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    Here's one thing to consider about the 2 vs. 3 year ortho programs. And I've had many a discussion about this with not only my wife (a 3 year ortho program grad) but also a few other ortho's out there (both 2 and 3 year programs).

    A great deal of ortho is about the diagnosis. Once the diagnosis is arrived at, the appropriate treatment plan can be determined and begun. Where many orthodontists feel that the great "art" of their profession really happens (and also where many anal retentive referring docs feel the real "art" happens) is in how a case is finished. Given that the majority of ortho cases usally have about a 24 month course of treatment, and most ortho programs have their students with a couple of months of didactic work prior to the beginning of clinical treatment, how then can grads of a 2 year program really get to see the start to finish results of their work prior to being out in practice on their own?? From a clinical standpoint, that extra year of ortho residency has many advantages, especially if one plans on being a solo practitioner where they won't necessarily have another orthodontist right there to talk cases with :idea:
     
  22. charlestweed

    Dentist Silver Donor Classifieds Approved 10+ Year Member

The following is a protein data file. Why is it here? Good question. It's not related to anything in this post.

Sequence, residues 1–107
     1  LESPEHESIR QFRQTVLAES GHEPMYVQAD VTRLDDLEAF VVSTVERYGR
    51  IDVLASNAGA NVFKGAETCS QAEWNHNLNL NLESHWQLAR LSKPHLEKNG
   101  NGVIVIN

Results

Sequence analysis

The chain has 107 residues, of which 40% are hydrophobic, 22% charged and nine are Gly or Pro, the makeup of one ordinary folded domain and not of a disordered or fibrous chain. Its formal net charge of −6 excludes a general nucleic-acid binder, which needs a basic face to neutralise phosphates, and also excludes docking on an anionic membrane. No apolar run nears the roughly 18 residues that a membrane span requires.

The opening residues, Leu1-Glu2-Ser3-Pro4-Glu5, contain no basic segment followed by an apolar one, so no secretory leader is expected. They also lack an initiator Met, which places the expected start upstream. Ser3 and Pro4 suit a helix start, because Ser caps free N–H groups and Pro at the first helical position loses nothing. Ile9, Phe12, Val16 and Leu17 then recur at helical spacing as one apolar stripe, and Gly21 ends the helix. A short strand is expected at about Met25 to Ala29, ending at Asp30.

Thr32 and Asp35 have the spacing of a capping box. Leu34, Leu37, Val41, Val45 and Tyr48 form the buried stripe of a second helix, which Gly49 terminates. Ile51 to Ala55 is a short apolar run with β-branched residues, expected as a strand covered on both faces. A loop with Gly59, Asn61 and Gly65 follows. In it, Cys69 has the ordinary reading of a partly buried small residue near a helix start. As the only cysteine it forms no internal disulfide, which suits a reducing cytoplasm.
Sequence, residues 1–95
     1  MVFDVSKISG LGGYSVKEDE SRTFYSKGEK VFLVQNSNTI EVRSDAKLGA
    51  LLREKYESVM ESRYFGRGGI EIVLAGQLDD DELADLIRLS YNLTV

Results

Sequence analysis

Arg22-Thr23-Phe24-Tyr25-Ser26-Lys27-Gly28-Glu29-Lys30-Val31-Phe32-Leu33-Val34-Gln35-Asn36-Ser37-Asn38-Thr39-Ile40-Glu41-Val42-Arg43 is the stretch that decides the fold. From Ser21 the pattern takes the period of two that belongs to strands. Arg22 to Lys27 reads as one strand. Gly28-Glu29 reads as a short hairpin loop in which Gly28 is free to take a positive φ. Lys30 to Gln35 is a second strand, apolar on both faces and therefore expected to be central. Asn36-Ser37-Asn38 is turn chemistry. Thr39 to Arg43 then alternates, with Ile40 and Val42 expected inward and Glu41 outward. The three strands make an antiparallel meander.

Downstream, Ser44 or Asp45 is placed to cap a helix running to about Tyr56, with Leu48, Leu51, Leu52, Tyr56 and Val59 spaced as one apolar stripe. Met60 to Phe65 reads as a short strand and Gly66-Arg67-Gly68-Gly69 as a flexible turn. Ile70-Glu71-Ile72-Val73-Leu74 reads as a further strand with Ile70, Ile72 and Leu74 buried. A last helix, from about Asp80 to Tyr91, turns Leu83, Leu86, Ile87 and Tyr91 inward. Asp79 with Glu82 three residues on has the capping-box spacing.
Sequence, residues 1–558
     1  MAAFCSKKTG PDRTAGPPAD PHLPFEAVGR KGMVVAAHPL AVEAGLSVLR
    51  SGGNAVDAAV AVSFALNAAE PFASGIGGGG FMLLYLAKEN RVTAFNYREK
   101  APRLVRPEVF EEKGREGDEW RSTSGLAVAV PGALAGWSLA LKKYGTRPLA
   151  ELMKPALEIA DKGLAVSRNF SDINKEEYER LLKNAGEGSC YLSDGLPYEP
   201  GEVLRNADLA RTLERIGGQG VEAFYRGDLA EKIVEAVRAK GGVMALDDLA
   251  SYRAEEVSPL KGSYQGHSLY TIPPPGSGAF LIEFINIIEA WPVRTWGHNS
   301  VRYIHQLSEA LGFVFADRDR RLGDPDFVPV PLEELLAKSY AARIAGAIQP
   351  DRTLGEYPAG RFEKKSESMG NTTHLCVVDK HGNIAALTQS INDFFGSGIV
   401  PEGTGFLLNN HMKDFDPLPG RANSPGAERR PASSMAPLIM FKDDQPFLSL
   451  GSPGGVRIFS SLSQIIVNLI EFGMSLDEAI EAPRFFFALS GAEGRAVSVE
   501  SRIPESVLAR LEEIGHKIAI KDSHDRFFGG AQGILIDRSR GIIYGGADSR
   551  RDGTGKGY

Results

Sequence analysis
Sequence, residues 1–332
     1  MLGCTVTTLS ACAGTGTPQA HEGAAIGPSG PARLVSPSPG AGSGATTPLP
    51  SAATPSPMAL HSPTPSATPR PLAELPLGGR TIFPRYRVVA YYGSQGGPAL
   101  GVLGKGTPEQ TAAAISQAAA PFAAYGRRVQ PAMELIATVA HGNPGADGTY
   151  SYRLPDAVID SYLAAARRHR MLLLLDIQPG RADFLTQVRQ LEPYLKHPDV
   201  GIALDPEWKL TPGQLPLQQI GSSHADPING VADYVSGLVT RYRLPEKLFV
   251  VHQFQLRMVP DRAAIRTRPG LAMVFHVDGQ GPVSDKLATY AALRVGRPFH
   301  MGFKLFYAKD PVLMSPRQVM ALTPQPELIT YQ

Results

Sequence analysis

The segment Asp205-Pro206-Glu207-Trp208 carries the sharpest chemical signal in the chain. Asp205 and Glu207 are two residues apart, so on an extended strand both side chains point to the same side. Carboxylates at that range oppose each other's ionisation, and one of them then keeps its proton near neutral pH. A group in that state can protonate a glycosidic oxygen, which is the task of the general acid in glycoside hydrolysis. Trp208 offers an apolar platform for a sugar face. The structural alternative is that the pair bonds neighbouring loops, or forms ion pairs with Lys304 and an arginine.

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    A good friend of mine did this. He was a physician in my home country. He came to the US when he was 30+ years old. He realized it would take too long to get the MD degree so he chose the easier shorter DDS route. He took all prerequisite classes at 2-3 different community colleges. He never attended a 4 year University. He took the DAT twice (he did horrible on the first DAT test). He got accepted to UOP dental school and became the top student in his class (he never admitted that he was the top student but his classmates told me he was). He got accepted to the 27-month UCLA ortho program (it's a 36 month program now). And that's how I knew him. I was a 2nd dental student and he was a 1st year ortho resident. It took him about 8 years.....from the time he first came to the US to the time he became an orthodontist.